In the process, however, Chobani spawned a slew of imitators—Stonyfield Farm rushed to market with Oikos Greek Yogurt in 2007, and Dannon Greek appeared on shelves three years later. Yoplait has a Greek variety, as do grocery-chain brands like Kroger. Meanwhile, even Chobani extensions like Flip (a snack product that lets the consumer dump toppings like almonds, raisins, walnuts and cranberries into the yogurt) have been countered by the likes of Yoplait Dippers from General Mills.

“Ten years ago, when [Chobani] launched, it disrupted the yogurt category,” said Gary Stibel, founder and CEO of the New England Consulting Group. “These guys disrupted the market and grew their category dramatically and smartly—[but] a lot of their competition has copied them.” The result, he said, is “the category is overly complicated, [and] there is a sameness to the way [these brands] appear on the shelf.”

“So in order to stay ahead of the curve,” Stibel added, Chobani “had to do something. They didn’t have a choice.”

Back to where it all began

It’s especially significant that Chobani’s response isn’t to introduce something more elaborate, but to return to the brand’s fundamentals. Some of the creative work that will debut next year, McGuinness said, will be “category advertising”—work that stresses not just the Chobani brand, but “the benefits of yogurt as a nutrient-dense food.”

This marketing direction, adds Chobani CCO Leland Maschmeyer, dovetails with the brand’s broader positioning as a wellness company. “While our product is yogurt,” he said, “our business has always been wellness—nutritional and community wellness, and how food can be a source of good in the world.”

And according to Maschmeyer, wellness was also the guiding force in the new packaging. While Chobani debuted a decade ago, it staked its identity on being organic and natural. Seeking to evoke those ideals in its new packaging, Maschmeyer and his team found themselves drawn to the folk art of the 1800s—“hand-painted artwork and color palettes that come from nature,” as he puts it. Chobani didn’t just scrap the white plastic, it got rid of its old typeface and block-style lettering in favor of a serif font that’s softer and heavy on the lower-case letters. Browns and off-whites predominate and, most noticeably, the fruit is rendered in a hand-painted style that actually celebrates the natural imperfections of fruit.

“When you have a strawberry [on the cup] that’s too perfect, it’s plastic,” Maschmeyer explains. “We’ve introduced these imperfections in our brand so it feels more real.”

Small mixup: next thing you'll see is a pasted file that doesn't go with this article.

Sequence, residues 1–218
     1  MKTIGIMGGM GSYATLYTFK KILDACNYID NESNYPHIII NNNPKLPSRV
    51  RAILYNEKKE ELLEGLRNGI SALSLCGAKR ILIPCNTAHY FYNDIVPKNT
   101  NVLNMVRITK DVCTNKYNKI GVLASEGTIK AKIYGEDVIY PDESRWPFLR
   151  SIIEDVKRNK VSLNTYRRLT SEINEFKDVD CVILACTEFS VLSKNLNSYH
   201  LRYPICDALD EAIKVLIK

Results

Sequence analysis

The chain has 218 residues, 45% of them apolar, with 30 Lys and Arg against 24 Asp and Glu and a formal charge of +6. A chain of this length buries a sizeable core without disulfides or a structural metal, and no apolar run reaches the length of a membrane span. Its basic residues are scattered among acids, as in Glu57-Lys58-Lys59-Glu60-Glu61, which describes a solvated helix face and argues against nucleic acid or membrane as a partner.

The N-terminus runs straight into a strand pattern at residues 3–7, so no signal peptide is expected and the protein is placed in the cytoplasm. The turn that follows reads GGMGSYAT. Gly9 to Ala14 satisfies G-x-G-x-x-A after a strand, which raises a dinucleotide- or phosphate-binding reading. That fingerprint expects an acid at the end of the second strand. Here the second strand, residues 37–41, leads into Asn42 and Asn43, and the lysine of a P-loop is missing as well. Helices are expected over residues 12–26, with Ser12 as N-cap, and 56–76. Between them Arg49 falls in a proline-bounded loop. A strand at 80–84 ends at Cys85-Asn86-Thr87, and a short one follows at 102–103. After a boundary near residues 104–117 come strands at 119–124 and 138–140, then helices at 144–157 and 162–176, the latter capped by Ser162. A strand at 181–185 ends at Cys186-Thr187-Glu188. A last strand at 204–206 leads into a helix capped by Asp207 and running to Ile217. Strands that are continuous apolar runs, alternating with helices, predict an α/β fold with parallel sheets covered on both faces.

“This look hasn’t been done in the yogurt aisle,” McGuinness added. “A lot of what this packaging also does is… set us up as a really accessible food company.” Indeed, McGuinness added, the new aesthetic will hopefully position Chobani for its expected move “beyond yogurt”—further details on that to come.

The risks of innovation

Yet even as competitive pressures mandated Chobani’s dramatic response, the company is nevertheless taking risks by breaking with the status quo, problematic as that might have been for the brand. The new packaging “is definitely a big departure from where they were—it’s a bold move,” said Chris Lowery, president and CEO of the Chase Design Group. Even so, he added, “you’re always concerned when you make changes this big.”

While Lowery believes the design is “beautiful,” he also points out that illustrations in lieu of photos can be “polarizing,” and some customers may even think that the contents are actually less natural, not more. There’s also the basic problem of eliminating a shelf appearance that shoppers are already accustomed to. Nevertheless, he added, the new look—and, by association, the new positioning in general—clearly move Chobani away from the “big food” identity that it’s eager to steer clear of.

“It’ll be interesting to see what happens,” Lowery added. “Because, if they are successful with this, people will look at them as an image leader in terms of how they did their packaging, [and] a lot of other people will make bolder moves.”

In other words, the competition will start imitating all over again, and Chobani will have to switch things up yet again. For now, however, McGuinness feels confident that this latest strategy will put Chobani on firm footing for the coming years. “This is really a new articulation of what our ethos has always been,” he said. “Yogurt’s one of those beautiful foods that just got lost, and we want to bring that back.”

@UpperEastRob robert.klara@adweek.com Robert Klara is a senior editor, brands at Adweek, where he specializes in covering the evolution and impact of brands.